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Explore Three Capes this August


Tasmania's award-winning Three Capes Track has been a runaway hit with walkers, with more than 28,000 local, national and international visitors completing it since it opened in December 2015.More

Flags fly at Mount Nelson once again


Tasmania's first signal station has been restored more than 200 years since it began operation on Mount Nelson.

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Summary of The Tasmanian Advantage - natural and cultural features of Tasmania

The The Tasmanian Advantage can be downloaded as a PDF File (4.7Mb). The Notesheets which are included with the manual are available online.


The Tasmanian Advantage is a resource manual aimed at developing knowledge and interpretive skills specific to Tasmania. It is aimed at those operating within the ecotourism business in Tasmania.

Tasmania is one of the world’s premier travel destinations. Its magnificent natural attractions, rich cultural history and industries such as craft, food and wine combine to draw people to the State. It is not surprising that environmental tourism has become a significant contributor to the State’s economy.

Either directly or indirectly, the natural and cultural values of Tasmania impact upon all those involved in the tourism industry in this State. Whether you run a guided walk, a bed and breakfast house, or are employed in the service industry, being able to understand, share and appreciate the natural and cultural attributes of Tasmania are vital aspects of your business.

The aim of the manual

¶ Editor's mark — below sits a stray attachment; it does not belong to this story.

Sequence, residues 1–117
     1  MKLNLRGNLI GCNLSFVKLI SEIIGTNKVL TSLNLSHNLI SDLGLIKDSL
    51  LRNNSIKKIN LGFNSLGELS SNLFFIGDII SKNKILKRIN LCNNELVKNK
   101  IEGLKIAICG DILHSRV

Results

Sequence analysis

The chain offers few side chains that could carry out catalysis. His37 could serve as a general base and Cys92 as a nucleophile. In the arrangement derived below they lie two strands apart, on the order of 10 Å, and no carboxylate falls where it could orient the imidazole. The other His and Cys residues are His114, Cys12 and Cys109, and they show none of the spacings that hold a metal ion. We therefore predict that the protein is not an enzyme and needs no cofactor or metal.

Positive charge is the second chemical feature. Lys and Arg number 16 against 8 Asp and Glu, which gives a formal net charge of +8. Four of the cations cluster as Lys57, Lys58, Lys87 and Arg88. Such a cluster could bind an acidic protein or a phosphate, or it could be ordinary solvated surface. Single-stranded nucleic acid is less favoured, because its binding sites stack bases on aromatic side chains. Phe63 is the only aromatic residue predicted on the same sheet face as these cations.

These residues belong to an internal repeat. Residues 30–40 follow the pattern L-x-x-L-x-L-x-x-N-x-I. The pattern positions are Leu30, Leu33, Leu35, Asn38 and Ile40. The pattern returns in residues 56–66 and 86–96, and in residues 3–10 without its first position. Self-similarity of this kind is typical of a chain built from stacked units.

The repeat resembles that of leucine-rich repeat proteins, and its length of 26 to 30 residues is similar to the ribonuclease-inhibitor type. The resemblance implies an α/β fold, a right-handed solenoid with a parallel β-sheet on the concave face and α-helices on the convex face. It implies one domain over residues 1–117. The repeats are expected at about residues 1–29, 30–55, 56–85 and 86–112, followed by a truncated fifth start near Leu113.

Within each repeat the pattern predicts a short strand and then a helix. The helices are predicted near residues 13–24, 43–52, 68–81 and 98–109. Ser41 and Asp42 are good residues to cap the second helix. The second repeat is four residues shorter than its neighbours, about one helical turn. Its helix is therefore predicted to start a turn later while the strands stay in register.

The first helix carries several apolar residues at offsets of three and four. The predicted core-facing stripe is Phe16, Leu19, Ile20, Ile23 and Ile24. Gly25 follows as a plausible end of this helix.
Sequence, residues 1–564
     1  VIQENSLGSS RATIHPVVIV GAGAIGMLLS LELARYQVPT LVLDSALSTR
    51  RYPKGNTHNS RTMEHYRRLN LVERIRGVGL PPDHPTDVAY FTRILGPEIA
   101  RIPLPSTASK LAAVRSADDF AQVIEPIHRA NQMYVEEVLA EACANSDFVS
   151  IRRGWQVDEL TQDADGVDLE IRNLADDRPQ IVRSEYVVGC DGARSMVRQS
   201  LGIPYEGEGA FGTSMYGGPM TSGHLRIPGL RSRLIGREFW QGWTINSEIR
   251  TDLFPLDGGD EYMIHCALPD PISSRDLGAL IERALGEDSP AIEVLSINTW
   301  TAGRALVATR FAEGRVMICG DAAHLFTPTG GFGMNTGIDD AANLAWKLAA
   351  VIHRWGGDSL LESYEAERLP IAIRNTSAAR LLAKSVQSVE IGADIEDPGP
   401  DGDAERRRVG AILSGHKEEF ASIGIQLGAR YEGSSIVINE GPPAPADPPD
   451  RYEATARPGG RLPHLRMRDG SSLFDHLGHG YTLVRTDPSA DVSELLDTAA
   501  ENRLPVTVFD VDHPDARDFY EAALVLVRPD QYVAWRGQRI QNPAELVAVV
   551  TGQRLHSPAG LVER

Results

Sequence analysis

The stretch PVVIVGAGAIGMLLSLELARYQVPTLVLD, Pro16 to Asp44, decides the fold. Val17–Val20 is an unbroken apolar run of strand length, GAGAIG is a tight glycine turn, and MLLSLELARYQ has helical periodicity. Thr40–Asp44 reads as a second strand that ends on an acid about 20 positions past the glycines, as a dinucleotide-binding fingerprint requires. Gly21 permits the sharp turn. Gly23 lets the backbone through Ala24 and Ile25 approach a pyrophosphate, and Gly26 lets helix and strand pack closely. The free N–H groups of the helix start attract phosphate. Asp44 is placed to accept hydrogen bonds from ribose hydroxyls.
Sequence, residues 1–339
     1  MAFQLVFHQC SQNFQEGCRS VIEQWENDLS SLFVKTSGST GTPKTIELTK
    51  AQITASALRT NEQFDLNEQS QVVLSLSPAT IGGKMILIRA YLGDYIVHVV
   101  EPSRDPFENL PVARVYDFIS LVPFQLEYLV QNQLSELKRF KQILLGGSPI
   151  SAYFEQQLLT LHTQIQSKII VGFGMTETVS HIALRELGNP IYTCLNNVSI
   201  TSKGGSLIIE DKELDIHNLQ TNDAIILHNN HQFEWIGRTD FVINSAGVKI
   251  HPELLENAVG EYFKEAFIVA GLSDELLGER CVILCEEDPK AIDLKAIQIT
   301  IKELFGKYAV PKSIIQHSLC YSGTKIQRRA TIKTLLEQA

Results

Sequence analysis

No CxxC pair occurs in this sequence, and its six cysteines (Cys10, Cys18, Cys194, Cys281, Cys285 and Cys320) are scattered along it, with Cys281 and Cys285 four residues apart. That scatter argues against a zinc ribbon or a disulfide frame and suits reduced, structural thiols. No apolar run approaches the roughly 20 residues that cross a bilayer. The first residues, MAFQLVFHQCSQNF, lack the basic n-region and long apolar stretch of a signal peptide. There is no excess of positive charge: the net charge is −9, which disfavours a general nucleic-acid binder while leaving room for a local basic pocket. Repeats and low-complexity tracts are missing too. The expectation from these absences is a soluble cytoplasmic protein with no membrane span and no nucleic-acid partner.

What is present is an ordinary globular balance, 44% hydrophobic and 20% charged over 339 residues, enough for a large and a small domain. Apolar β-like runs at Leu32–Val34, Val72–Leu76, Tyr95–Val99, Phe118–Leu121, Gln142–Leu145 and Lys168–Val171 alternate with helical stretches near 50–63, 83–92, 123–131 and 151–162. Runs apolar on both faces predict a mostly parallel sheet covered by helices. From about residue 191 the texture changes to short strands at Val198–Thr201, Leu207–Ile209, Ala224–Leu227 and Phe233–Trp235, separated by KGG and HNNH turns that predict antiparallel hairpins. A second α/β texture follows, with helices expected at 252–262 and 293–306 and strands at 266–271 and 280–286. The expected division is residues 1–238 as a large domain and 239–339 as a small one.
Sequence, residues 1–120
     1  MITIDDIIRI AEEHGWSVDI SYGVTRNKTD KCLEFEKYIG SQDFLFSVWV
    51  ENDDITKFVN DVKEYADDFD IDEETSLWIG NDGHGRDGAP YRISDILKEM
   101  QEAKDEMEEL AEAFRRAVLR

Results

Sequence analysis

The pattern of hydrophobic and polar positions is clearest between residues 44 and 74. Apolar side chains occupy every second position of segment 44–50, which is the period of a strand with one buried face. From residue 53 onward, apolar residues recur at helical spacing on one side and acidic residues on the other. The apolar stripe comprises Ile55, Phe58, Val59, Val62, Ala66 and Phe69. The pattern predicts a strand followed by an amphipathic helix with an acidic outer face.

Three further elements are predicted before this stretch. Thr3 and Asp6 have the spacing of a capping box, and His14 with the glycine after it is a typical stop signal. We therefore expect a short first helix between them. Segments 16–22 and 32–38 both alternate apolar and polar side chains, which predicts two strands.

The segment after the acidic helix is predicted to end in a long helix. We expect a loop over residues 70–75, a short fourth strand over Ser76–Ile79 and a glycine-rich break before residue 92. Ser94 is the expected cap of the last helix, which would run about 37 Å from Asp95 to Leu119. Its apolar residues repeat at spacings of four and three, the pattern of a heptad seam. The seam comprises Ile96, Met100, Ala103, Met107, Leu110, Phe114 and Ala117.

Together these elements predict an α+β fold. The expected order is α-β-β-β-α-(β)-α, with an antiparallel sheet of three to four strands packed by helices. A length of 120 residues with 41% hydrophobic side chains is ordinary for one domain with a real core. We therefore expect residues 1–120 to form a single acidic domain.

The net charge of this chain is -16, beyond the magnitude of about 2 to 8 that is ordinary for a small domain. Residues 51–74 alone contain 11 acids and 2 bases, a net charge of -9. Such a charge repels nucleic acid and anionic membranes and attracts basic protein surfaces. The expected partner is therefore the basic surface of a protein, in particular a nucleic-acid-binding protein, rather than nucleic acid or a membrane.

The Tasmanian Parks and Wildlife Service has compiled this manual with the aim of benefiting the environment, the tourism industry, employees, and visitors by:

  • setting a basic standard of knowledge of the natural and cultural features
  • of Tasmania in a concise resource that will include specific information;
  •  developing the interpretive skills of tour guides, operators, activity leaders
  • and customer service staff;
  •  sustainably combining tourism within national parks, reserved areas and
  • involving flora, fauna and cultural sites through the adoption of appropriate practisces;
  • increasing the understanding, appreciation and conservation of the
  • diversity of Tasmania’s flora and fauna;
  •  helping to provide enriching experiences for visitors to Tasmania while minimising their impact on the environment.

For the purposes of this manual the State has been divided into three regions. The regions are a combination of areas already defined by Parks and Wildlife Service, Tourism Tasmania and Forestry Tasmania:

a) South and Central Plateau–including Hobart, the Huon Valley, the Derwent Valley, Mt Field National Park, the Southwest, Port Arthur and the Central Plateau.
b) East and Northeast–including Maria Island, Freycinet, the Midlands, Mt William National Park, Bridport, Launceston, the Tamar Valley and Ben Lomond National Park.
c) West and Northwest–including Lake St Clair–Cradle Mountain National Park, Queenstown, Strahan, Corrina, Narwantapu National Park, the Meander Valley, Smithton, Rocky Cape National Park and Wynyard.

The Islands of Tasmania are included in the appropriate geographic region.


The notesheets provide concise, factual information and also refer to sources where more detailed information can be found. The notesheet series was produced by Parks and Wildlife in collaboration with Nature Conservation Branch and the Tasmanian Heritage Office and are available in PDF format from the Parks and Wildlife website, at www.parks.tas.gov.au/factsheets/index.html

Notesheets are continually created and altered and we recommend that you check the website regularly and print a hard copy of each new/updated notesheet in order to maintain an up-to-date reference folder.